Cultic Studies Journal, 18, 218-219
Other Altars: Roots and Realities of Cultic and Satanic Ritual Abuse and Multiple Personality Disorder.
Minneapolis, MN: Compcare Publishers. 255 pages.
This volume describes its author’s views on cult experiences involving ritualistic abuse and associated mental health problems. The book takes an historical perspective and gives a scholarly account of how a variety of cultures and religions in diverse geographic locations dealt with issues relating to torture, blood sacrifice, and ritual abuse. The author relates this historical information to ritual abuse trends in the 1990s.
The author says that
The label “ritual abuse” is commonly applied to behaviors involving multi-offenders, multimotive sexual abuse, torture, programmed mind control, blood sacrifice, infanticide, or cannibalism, combined with symbols and artifacts of spiritual belief. (p. 1 of Introduction)
Although the definition of ritual abuse varies greatly and is affected by culture, religion, political climate, and history, the author stresses the abusive aspect of ritual abuse. He distinguishes ritual abuse, then, from ceremonies, religious rituals, or other activities that do not involve abuse.
A major theme of the book is that survivors’ stories of abuse should not be dismissed, for these stories often show many similarities of symptoms, feelings, and emotional states. The author emphasizes the need to examine survivors’ experience of disassociation. Throughout history there are many instances of abused people experiencing disassociation. The diagnosis of Multiple Personality Disorder (MPD), which became popular in the 1990s, is a recent example of disassociation.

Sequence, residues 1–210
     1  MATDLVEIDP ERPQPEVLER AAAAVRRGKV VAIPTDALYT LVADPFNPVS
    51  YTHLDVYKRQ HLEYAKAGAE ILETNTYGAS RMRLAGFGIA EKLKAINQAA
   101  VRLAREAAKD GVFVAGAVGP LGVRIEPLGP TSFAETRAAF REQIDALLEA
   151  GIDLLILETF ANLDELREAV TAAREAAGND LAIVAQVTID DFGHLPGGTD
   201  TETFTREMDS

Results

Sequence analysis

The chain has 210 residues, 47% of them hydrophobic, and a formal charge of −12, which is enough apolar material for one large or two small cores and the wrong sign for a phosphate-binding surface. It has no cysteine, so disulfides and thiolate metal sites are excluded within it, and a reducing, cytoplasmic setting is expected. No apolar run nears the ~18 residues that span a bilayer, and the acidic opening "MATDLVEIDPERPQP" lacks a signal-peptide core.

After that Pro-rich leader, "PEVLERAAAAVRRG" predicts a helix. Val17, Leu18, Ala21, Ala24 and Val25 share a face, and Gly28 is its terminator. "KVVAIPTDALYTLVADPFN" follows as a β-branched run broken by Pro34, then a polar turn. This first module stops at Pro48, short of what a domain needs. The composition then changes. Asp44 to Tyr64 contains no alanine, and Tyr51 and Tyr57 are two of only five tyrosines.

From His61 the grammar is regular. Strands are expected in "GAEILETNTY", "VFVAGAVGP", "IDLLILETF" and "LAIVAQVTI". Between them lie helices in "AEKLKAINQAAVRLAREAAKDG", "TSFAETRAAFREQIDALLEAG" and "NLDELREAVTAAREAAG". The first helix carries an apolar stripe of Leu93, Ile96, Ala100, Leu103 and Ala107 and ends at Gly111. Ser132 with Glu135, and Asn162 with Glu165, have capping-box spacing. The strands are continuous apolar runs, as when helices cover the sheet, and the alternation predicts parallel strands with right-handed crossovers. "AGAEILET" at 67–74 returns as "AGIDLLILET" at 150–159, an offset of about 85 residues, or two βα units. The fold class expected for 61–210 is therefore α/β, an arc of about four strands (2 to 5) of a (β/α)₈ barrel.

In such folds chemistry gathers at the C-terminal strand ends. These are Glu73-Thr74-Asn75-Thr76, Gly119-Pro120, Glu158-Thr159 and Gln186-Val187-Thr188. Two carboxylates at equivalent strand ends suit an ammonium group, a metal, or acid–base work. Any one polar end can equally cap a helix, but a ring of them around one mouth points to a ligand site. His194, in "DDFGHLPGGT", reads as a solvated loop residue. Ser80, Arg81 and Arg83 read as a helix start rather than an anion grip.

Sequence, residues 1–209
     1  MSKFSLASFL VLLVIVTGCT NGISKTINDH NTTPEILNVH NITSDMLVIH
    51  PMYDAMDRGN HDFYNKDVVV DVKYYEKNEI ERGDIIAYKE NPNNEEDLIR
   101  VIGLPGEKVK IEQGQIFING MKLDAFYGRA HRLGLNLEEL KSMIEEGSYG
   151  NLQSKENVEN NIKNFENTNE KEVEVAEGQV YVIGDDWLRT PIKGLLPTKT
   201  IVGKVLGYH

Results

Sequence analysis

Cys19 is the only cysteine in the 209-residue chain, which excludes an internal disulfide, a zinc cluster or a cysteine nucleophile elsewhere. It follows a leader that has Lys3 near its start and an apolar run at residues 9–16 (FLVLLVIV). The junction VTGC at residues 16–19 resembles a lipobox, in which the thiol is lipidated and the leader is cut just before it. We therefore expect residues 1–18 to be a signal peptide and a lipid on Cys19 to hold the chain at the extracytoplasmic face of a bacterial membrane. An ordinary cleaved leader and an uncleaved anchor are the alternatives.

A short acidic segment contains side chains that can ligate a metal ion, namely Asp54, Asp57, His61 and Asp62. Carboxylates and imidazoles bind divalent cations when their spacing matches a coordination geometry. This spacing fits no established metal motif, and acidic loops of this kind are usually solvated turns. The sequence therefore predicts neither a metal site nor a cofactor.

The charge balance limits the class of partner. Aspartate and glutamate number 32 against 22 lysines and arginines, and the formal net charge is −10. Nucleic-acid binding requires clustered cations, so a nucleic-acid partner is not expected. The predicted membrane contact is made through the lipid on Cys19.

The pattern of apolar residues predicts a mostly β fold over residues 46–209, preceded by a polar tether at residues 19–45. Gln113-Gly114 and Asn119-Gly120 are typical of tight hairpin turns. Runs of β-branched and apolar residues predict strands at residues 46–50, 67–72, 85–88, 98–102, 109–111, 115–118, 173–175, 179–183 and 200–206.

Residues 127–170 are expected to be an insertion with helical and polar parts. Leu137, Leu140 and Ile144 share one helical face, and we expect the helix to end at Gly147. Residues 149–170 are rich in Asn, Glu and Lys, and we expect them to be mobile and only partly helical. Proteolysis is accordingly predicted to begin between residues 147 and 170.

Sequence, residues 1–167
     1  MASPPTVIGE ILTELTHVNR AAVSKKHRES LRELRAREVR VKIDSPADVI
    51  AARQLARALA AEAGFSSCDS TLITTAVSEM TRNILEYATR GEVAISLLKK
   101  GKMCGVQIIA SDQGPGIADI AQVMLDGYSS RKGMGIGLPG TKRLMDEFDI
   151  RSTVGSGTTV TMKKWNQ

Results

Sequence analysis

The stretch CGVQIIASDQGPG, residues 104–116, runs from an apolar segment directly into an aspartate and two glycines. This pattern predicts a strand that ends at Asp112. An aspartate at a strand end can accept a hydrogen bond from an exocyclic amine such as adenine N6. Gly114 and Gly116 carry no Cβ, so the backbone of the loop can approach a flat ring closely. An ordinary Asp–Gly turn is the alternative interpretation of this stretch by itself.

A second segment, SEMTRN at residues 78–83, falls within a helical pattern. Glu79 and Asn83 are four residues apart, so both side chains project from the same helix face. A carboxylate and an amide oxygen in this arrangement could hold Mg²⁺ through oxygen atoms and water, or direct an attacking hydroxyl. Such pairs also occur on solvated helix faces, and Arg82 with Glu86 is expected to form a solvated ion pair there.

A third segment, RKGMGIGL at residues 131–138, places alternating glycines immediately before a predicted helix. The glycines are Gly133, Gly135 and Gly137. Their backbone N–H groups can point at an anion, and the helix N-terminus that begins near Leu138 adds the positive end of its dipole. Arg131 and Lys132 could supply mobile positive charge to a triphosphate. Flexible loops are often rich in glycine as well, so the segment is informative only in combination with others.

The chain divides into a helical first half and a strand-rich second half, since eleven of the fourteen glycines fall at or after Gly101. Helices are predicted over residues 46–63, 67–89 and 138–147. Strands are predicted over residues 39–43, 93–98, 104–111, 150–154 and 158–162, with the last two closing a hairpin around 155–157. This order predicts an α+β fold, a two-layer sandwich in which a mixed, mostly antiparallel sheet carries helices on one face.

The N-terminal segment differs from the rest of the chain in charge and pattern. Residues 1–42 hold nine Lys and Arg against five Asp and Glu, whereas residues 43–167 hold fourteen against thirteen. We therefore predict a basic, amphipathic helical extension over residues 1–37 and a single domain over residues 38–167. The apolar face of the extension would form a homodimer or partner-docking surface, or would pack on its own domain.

The author discusses many pertinent contemporary issues, such as false memory syndrome, PTSD (Post-Traumatic Stress Disorder), repression, flashbacks, childhood amnesia, false accusations, and, of course, dissociation and MPD. These issues are considered in light of the conflicting view points among political groups, religious groups, scientists, educators, families, victims or survivors of ritualistic abuse, and the health professionals who treat them. The author concludes that we can conclude that ritual abuse occurs, that victims’ accounts may be factual, and that the problem of ritual abuse should be taken seriously.
This volume is a history book. It is tedious to read, but is well written and detailed. Although it is easy to get lost in the many historical events the author describes, we can all learn something about the depth and breadth of the ritual abuse problem.
Marvin W. Clifford, Ph.D.
New Orleans, Louisiana
Cultic Studies Journal, Vol. 18, 2001, page